Writing a sustainable and solid business plan is essential to business success; not only does it help with the entire decision-making progress but also makes it far more likely you’ll receive finance from investors.

Writing a sustainable and solid business plan is essential to business success; not only does it help with the entire decision-making progress but also makes it far more likely you’ll receive finance from investors.

Forgetting competitors

Competitors exist in every industry; if there aren’t any competitors then it’s likely you’re operating in a dead market. When writing your business plan, ignoring your competitors and focusing on your own business instead of placing it in a wider market context is a common mistake. Your competitors will play a significant role in the decisions you make; what parts of the market you go after, what products or services you focus on, how you market and promote your ideas and other key business drivers. Ignoring competitors, and over-emphasising your own credentials, may put investors off as they may find it hard to be confident in your ability to run the business successfully.

Over-zealous financial projections

Realistic expectations are essential when writing a business plan: financial projections that are not attainable will both put investors off and make it hard for you to meet your targets. In many industries, start-ups take a standard route to growth and experience similar financial patterns regardless of their product or services. Caution is better than over-optimism when it comes to financial projections; things never work out as hoped and caution will show to an investor you’re a realistic entrepreneur.

Exaggerated market

Entrepreneurs often overestimated the size of their target market and therefore the number of customers likely to buy their products or services. This has a knock-on effect to all other tenets of the business plan, such as financial projections and growth predictions. This shows inexperience; businesses typically attempt to succeed in one or two smaller niches, building a customer base and growing organically, particularly in the early stages. It’s important to show a deep understanding of how firms attempt to gain market share; if in doubt, it’s better to underestimate your potential customers rather than overestimate them.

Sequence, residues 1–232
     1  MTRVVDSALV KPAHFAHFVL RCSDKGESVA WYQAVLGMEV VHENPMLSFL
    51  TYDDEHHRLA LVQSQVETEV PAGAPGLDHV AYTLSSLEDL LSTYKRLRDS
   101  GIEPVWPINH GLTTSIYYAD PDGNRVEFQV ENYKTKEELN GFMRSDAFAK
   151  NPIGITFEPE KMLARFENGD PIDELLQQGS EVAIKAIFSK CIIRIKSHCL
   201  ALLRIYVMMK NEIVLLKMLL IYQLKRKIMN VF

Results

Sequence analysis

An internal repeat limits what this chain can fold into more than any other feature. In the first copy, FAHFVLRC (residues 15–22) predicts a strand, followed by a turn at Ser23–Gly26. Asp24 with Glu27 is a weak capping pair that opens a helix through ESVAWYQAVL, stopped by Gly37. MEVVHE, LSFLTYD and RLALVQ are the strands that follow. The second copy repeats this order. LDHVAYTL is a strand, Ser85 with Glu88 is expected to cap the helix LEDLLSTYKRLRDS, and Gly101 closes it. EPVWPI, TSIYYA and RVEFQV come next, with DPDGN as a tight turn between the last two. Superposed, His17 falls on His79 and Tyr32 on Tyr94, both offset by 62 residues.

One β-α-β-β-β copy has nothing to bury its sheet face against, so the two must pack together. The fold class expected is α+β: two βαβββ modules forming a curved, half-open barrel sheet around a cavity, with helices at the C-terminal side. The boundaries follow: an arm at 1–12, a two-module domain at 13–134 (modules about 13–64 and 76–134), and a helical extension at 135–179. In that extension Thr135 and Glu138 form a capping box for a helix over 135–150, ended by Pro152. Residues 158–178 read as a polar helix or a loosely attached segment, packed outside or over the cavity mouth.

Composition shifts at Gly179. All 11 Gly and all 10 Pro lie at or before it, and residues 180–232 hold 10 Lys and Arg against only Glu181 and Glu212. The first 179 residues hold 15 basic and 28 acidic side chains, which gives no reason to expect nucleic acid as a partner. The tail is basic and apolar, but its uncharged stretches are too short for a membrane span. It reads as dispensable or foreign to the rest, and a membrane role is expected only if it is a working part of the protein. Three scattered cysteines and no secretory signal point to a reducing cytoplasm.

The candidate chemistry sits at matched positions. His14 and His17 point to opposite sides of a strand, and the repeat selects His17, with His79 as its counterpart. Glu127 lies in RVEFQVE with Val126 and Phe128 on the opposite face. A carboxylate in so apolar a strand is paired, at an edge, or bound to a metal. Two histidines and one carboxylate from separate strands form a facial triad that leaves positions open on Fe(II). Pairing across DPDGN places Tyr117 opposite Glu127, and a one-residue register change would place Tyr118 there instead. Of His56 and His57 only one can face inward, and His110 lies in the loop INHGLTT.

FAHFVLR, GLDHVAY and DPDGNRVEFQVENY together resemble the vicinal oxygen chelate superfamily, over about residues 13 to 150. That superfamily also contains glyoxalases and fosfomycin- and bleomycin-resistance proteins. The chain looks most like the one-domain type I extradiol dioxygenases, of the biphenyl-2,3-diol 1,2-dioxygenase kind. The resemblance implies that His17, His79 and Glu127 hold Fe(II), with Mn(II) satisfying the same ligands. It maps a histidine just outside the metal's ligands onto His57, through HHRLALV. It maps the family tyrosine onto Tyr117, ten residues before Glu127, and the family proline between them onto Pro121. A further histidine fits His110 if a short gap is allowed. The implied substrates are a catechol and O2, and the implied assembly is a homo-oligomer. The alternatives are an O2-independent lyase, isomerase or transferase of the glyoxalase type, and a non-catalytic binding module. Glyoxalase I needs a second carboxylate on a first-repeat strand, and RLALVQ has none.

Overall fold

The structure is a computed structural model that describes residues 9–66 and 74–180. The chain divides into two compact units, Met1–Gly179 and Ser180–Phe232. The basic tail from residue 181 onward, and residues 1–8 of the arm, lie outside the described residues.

Superhuman time scales

Building a successful business takes time and a lot of it. When writing business plans first-time entrepreneurs often underestimate the time to important financial and logistical milestones. This, in turn, can skew financial projections and generally make the business plan untenable, seriously reducing the chance of gaining investment from banks and private investors. The fact that everything takes longer in business than you initially think is a widely repeated maxim; if you show no knowledge of this then you’ll come across as an amateur.

Inflating your idea

Even the best business ideas do not automatically translate into successful businesses; they still take plenty of hard work, dedicating and discipline to be brought to market. Yet some entrepreneurs overestimate the value of their idea and the value it brings to the business, while underestimating the importance of hard work and dedication. Investors will be less likely to invest in your business if you can’t show knowledge of how successful businesses are built and maintained.

Profit ahead of cash

Profit is understandably on every entrepreneur’s mind but in terms of business growth it’s better to focus on cash flow; in the early stages of your company sufficient liquidity will be essential to success. Very few businesses are profitable in their first few years of operation, and many fail because there isn’t enough cash in the company for all the required outgoings. Therefore an understanding of cash flow – and how it’s likely to stand in the early stages of the business – is essential when writing a business plan. Investors will want to know you’ll be able to keep your business afloat.